Everyday you need a farmer – its amazing how much



Making flour at the GRDC stand in the Food Farm at the Royal Easter Show 

There is no denying the Sydney Royal Easter Show is a huge opportunity to show people where their food comes, meet a farmer, learn how to make tabbouleh, crush wheat, make pastry, learn how to wash your hands properly, learn that cotton grows on plants and wool grows on sheep,that tractors are huge, that girls are farmers too and you don’t have to be a farmer to be part of the industry that feed and clothes us. Believe it or not you can do all that ( and lots more) in the just one pavilion – The Food Farm which is run by the RAS Ag Development Team

Now as you can imagine SRES costs an absolute motza to run and if you are a farming industry and you would like to expose your farmers and the things they grow to the 1 million people who visit the show it can be an expensive day out for your industry in set up costs, staff time and travel and accommodation so if you are going to do it you better do it well.

This year farming industries had a new opportunity to have conversations with primary school students and teachers at the Primary School Preview Day which was held on the day before the show officially opened.

The brief was to run fun, interactive 15 minute workshop for five schools. The Art4Agriculture team frocked up and partnered with Greg Mills, Cotton Young Farming Champion Laura Bennett and all things wool industry Guru Fiona Raleigh.


We wanted the take home messages from our workshops to centre around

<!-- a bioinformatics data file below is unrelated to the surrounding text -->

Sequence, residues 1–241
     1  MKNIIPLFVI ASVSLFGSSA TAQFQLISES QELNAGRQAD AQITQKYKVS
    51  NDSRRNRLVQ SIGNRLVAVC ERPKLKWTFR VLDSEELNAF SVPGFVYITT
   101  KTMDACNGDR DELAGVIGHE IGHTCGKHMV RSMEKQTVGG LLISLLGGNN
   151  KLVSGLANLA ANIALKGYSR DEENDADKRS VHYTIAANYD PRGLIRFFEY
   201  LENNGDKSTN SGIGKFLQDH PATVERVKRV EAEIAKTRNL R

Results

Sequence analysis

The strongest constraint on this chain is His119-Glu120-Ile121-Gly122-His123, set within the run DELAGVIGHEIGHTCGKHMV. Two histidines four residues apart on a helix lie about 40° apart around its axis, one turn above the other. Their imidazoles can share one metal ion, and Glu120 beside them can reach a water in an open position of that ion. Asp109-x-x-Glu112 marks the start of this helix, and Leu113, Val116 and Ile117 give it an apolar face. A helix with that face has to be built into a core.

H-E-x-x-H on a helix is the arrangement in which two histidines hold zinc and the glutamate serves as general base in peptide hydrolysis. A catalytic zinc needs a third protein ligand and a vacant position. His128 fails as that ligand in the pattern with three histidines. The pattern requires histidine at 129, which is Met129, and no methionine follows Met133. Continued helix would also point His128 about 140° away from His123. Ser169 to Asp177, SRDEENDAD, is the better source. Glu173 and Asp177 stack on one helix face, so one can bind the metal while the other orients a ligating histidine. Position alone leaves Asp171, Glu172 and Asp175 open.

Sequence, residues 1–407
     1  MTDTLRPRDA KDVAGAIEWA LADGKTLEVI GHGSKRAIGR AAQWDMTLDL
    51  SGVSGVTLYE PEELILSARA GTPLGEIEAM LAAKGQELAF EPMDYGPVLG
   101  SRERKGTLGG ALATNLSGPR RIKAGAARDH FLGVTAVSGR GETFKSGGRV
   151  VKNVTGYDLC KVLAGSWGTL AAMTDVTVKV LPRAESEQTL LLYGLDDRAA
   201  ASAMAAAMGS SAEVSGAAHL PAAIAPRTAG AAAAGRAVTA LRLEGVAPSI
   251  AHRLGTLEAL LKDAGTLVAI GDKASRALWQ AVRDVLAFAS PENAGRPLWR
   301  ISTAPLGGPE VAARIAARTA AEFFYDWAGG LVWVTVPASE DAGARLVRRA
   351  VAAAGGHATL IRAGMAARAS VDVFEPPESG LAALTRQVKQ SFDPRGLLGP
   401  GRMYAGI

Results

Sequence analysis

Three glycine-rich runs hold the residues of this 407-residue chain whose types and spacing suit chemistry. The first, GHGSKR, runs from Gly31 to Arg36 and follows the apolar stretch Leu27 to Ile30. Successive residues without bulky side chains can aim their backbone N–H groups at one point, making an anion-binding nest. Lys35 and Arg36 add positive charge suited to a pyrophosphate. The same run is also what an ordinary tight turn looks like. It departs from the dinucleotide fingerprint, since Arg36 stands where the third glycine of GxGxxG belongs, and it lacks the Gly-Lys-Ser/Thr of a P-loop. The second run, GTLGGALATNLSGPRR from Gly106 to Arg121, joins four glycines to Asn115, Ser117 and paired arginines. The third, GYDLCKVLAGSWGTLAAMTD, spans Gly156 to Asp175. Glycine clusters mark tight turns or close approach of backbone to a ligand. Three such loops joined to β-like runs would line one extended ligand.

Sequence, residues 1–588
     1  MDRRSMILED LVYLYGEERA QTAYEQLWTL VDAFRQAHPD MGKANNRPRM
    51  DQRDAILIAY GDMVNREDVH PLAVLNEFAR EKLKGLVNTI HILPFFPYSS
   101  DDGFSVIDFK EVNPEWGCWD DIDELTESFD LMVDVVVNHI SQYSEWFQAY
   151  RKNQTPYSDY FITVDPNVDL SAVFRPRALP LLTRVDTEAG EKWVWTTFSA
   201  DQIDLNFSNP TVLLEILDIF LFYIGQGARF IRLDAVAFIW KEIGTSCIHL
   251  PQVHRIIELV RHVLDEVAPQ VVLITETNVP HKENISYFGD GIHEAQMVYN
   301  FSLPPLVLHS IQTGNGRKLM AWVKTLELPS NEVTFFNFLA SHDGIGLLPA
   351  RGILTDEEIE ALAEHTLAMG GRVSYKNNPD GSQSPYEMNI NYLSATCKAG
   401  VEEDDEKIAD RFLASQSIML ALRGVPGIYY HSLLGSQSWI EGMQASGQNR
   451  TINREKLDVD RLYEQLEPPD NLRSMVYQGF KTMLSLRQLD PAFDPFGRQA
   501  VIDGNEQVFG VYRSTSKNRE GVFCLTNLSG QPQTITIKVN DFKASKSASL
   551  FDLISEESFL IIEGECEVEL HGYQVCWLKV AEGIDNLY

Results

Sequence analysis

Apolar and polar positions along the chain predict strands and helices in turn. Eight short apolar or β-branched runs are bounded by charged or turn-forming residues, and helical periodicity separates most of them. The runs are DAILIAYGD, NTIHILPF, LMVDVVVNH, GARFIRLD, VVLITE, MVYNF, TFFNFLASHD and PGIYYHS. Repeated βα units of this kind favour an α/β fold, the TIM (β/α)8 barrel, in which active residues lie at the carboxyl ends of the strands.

1. Everything around me is connected to farmers and farming
  2. Farmers are important to me

To reinforce this we borrowed some ripper little devices from the NSW DPI that allowed us to run a quiz.


We firstly used cotton as an example of the diversity of things in our everyday lives that contain cotton Slide1

Just to ensure the kids knew how to work their computers. We asked this question


then we got stuck into it


Slide4 Slide5



And there was plenty of hands on products to show the answer to all of those questions was “all of the above”



 Wool Guru Fiona Raleigh then gave the students the ‘wool experience’


So what did the kids learn – as it so happened we had an Archie in hand that was painted with blackboard paint and we invited the students to share with us what they learnt

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We had very sore feet at the end of the day and we were pleased when it was wine o’clock and everyone had fun and learnt a lot including the farmers



Author: Lynne Strong

I am a 6th generation farmer who loves surrounding myself with optimistic, courageous people who believe in inclusion, diversity and equality and embrace the power of collaboration. I am the founder of Picture You in Agriculture. Our team design and deliver programs that inspire pride in Australian agriculture and support young people to thrive in business and life

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